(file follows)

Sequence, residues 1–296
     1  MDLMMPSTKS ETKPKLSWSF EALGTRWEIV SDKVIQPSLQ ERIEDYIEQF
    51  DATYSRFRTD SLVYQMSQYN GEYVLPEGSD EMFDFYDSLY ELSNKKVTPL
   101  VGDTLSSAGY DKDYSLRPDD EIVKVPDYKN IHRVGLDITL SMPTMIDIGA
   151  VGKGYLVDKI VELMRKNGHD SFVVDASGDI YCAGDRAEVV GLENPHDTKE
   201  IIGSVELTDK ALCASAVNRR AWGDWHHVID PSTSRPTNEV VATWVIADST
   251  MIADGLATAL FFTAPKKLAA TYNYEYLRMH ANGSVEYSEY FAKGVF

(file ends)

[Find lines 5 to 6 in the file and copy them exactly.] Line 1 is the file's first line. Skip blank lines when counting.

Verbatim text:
   151  VGKGYLVDKI VELMRKNGHD SFVVDASGDI YCAGDRAEVV GLENPHDTKE
   201  IIGSVELTDK ALCASAVNRR AWGDWHHVID PSTSRPTNEV VATWVIADST